With 96 runs to win, Hong Kong saw itself in good hands. A total that required less than five runs an over, fear wasn’t a participant of Hong Kong’s 11.
Well, at least until Malaysia’s breakthrough found the hosts in deep trouble at 18/3 at the start of the fourth over.
It took a mere three balls for Hong Kong’s captain to fall off the marks, followed by a quick, back-to-back dismissal of right-hand bat Babar Hayat and left-hand bat Kinchit Shah, courtesy of slow left-arm bowler Fitri Sham.
As Sham floated it up outside the off stump, Hayat, the mainstay of Hong Kong’s batting line-up, sprayed it off his bat to be caught easily at short cover. Shah’s leg-before golden duck put the batsman in visible frustration as he strutted off the pitch.
After what we thought would ensue as a boring second innings in favor of Hong Kong, we now had a game on our hands.
Hong Kong only managed eight more runs before the next man fell. The dreaded finger of umpire John Prakash arose on a full toss to left-hand bat Yasim Murtaza, sending him back to the pavilion.
Tension was clearly on the rise for Hong Kong as an A. Khan - Adit Gorawara mixup in the pitch resulted in the latter being run out by his teammate, forcing the youngster out early.
A steady partnership was in the works as right-hand bat Shahid Wasif took the pitch for Hong Kong alongside A. Khan - the two ensured a wicket-less eight overs and 34 runs added to Hong Kong’s total. Just 31 were required off the final four overs, and a stable partnership in Hong Kong’s hands kept their hopes alive.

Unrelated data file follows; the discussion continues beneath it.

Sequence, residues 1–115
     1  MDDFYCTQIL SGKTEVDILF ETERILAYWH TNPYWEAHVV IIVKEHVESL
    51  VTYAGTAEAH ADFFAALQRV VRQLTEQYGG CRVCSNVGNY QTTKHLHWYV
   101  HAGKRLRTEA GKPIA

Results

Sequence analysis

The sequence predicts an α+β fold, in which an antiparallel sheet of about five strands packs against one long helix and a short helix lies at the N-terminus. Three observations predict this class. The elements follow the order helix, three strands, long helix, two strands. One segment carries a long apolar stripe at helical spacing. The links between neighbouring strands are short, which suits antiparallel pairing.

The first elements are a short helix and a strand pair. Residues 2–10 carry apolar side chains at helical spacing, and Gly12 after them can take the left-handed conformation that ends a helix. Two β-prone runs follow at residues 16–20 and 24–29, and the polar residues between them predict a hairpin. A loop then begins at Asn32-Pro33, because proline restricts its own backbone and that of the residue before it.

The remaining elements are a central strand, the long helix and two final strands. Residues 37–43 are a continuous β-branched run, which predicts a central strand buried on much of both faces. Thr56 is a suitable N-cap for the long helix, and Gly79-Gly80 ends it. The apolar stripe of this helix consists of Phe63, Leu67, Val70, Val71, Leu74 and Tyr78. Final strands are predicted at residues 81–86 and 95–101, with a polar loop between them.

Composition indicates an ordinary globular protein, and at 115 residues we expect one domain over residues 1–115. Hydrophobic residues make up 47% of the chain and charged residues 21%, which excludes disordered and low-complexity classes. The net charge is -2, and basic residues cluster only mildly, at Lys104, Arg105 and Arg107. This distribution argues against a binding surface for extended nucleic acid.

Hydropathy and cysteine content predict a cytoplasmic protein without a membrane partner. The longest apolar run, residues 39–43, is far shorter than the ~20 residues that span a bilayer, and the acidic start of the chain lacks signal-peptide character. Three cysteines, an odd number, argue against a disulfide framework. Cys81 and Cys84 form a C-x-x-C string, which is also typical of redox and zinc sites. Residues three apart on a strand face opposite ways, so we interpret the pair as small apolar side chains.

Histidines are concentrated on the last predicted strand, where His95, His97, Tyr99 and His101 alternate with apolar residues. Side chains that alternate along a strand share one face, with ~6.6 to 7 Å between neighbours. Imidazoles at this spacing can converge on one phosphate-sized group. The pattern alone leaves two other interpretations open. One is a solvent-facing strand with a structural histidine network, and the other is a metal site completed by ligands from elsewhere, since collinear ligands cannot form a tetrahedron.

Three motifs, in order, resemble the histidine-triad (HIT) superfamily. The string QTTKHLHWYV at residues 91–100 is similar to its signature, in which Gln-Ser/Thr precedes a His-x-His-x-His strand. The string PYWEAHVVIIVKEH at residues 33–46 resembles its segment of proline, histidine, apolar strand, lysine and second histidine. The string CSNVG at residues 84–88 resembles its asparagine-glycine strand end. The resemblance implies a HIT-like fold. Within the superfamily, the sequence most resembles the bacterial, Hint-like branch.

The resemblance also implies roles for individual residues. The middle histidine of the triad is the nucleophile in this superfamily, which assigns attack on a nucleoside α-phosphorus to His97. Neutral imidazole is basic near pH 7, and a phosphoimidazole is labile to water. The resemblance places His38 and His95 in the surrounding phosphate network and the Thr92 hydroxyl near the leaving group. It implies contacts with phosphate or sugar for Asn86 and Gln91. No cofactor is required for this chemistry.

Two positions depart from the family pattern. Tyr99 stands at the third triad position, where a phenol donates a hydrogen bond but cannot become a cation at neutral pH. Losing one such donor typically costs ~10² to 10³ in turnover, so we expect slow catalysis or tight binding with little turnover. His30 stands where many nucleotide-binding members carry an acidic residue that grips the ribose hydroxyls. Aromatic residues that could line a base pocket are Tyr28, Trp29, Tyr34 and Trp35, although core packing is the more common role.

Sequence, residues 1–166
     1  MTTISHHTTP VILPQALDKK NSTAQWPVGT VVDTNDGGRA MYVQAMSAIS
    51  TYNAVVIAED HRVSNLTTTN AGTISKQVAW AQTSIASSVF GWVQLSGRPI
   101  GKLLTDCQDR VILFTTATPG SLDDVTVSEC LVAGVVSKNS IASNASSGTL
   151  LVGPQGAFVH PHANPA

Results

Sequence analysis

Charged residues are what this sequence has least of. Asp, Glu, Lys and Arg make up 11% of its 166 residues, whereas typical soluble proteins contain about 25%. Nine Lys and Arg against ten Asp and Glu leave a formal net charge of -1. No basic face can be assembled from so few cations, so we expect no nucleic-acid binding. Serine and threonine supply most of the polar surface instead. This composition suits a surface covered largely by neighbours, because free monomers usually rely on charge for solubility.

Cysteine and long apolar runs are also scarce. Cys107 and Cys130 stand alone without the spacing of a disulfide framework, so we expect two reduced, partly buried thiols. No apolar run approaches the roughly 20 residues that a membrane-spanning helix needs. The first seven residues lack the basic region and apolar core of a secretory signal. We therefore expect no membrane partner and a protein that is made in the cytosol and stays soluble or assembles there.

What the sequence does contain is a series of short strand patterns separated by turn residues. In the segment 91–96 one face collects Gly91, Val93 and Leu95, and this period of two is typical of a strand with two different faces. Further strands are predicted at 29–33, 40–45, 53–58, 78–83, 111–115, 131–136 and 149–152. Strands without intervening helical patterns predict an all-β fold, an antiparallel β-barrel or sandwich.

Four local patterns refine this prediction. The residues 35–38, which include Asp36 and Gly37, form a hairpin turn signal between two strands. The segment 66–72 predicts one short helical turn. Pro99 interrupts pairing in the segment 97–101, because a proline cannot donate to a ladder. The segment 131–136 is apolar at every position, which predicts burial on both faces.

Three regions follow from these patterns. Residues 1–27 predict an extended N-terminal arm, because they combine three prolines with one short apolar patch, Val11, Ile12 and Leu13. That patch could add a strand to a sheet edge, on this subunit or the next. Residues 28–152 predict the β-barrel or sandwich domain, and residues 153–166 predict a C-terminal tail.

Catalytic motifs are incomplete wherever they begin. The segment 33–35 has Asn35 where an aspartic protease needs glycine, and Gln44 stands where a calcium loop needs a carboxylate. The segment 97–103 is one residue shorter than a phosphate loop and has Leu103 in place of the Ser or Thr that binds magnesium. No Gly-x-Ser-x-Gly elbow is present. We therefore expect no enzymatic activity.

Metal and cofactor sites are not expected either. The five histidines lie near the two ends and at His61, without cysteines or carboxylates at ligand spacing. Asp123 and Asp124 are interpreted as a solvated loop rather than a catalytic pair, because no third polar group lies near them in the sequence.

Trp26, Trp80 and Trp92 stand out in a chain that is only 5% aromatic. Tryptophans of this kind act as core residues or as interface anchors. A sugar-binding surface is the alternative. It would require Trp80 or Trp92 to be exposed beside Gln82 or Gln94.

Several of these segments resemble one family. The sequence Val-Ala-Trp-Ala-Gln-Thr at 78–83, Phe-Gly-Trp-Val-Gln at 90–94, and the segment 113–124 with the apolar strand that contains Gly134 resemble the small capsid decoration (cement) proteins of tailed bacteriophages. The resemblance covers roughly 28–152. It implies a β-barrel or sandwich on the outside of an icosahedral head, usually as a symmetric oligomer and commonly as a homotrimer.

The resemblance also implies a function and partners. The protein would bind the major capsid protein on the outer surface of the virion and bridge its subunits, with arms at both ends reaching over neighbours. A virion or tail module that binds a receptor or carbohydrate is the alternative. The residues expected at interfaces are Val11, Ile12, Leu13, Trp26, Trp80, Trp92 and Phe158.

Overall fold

As soon as things were looking better for Hong Kong, left-arm medium-fast bowler Muhammad Wafiq mangled the partnership upon an impressive catch by Malaysia’s Amir Azim behind deep square leg, securing the ball before it fell to earth. Hong Kong took just one run off the over, requiring 30 off the last three.
After losing six wickets, Player of the Match A. Khan took matters into his own hands.
In a stellar display of death-batting, A. Khan finished the contest in 2.1 more overs amidst back-to-back-to-back A. Khan boundaries to put Hong Kong at ease heading into the ultimate over. They needed two runs off six deliveries.
Arshad skied a square cut for four at the start of the twentieth over, and Hong Kong had overcome a tight chase to emerge victorious.
“We didn’t start very well; we lost quite a few wickets early on and made it hard for ourselves. The wicket wasn’t easy to bat on - the ball wasn’t coming on the bat nicely, but the plan was to stay there till the end and take it as deep as we can,” A. Khan said. “Credit goes to Shahid (Wasif) and Haroon (Arshad) for the way they batted as well, and we built this small little partnership which mattered in the end.”
The final day of the T20I Quadrangular Series is set for Sunday at Tin Kwong Road Recreation Ground as Kuwait and Bahrain battle it out for third place at 9:30 a.m. HKT, followed by the final between Hong Kong and Malaysia at 1:40 p.m. HKT to determine who will take home the trophy.